Caleb Martin has all the intangibles you want in a player. But, as they say, it's a make or miss league. Martin has shot 39.1 percent in 71 NBA games, including 31.5 percent from three. His true shooting percentage went from 59.5 percent as a rookie to 46.5 percent last season (the league average is 57.2 percent). He should get a training camp invite, but those shooting numbers have to go up for him to stick. I've learned to never count out a Martin twin, but it's going to be tough to get a 15-man roster spot at this juncture in the calendar.
It's probably 50-50 odds Cody Martin is still with the Hornets on opening night. I do think his defensive ability gives him a chance, but Charlotte is deep on the wing after the Kelly Oubre add (the Hornets also have Gordon Hayward, Miles Bridges, Jalen McDaniels and the recently drafted James Bouknight).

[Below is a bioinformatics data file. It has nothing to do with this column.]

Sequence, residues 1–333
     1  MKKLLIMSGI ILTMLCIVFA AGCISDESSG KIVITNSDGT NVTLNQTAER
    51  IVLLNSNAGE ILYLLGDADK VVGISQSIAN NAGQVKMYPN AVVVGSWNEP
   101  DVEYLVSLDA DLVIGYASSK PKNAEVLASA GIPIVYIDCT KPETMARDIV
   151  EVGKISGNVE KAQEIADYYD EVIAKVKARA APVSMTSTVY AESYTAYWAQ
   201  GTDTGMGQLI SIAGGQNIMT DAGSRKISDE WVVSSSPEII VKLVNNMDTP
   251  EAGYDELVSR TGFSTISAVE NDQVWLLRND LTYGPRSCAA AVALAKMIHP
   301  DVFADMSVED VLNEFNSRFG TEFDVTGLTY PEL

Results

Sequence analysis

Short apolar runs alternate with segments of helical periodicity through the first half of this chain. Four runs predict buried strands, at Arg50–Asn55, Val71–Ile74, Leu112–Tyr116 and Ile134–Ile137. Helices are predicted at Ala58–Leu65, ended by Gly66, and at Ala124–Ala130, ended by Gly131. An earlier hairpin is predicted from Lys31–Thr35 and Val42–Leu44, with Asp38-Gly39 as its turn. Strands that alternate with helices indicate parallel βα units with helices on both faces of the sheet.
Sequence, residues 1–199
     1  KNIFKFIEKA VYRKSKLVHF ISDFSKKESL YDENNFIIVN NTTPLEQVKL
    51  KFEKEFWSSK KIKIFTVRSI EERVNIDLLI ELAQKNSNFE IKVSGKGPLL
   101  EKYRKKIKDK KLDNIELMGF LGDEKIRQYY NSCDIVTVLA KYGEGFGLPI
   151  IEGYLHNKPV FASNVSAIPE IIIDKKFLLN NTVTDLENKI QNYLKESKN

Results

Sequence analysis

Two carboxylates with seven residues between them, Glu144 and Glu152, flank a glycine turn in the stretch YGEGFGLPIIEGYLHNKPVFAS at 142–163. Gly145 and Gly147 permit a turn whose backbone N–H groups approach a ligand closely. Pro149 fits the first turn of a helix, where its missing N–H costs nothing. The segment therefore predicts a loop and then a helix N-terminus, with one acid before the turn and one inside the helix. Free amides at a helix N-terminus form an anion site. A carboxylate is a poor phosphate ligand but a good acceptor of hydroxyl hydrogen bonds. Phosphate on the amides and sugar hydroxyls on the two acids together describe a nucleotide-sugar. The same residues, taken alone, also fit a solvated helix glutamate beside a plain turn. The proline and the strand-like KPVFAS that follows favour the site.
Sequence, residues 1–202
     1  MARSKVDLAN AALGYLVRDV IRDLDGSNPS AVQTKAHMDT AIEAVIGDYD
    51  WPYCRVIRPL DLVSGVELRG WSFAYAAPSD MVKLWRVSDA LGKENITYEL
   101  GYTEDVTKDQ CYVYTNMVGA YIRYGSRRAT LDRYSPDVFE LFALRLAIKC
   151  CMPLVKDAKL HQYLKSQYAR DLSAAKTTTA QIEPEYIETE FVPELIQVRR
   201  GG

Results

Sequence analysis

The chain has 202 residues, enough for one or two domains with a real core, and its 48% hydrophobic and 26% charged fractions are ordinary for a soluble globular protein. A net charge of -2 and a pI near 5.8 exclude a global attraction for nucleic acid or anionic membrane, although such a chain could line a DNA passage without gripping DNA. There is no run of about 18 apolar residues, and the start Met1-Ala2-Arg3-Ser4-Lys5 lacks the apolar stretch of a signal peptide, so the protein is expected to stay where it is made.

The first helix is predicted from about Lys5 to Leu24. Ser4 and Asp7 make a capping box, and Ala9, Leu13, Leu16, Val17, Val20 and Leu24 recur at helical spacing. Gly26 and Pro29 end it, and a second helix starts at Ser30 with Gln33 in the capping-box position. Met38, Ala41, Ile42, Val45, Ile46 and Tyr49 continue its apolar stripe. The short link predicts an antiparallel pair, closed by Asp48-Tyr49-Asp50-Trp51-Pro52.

Nothing beyond the fact it had to be a "drug of abuse" given the severity of the suspension. "The NBA, NBA teams, and the NBPA are prohibited from publicly disclosing information regarding the testing or treatment of any NBA player under the Anti-Drug Program, other than to announce a player’s suspension or dismissal from the league," the NBA said in a news release at the time. Here is the list of drugs considered by the NBA to be a "drug of abuse." While Jalen Harris has been "dismissed and disqualified from the NBA," he could still reapply and earn reinstatement, which seven previous players who got permanently ban achieved. Harris must complete an in-patient treatment before being allowed to apply for reinstatement. That suspension is one of the most shocking breaking news items I've covered. I never would have guessed this would have been Harris' NBA fate. I thought he was the Wolf Pack's best pro prospect in the Eric Musselman era outside of Cameron Oliver, even better than the Martin twins. And he was playing well at the end of his rookie season. But it's unlikely he plays another NBA game.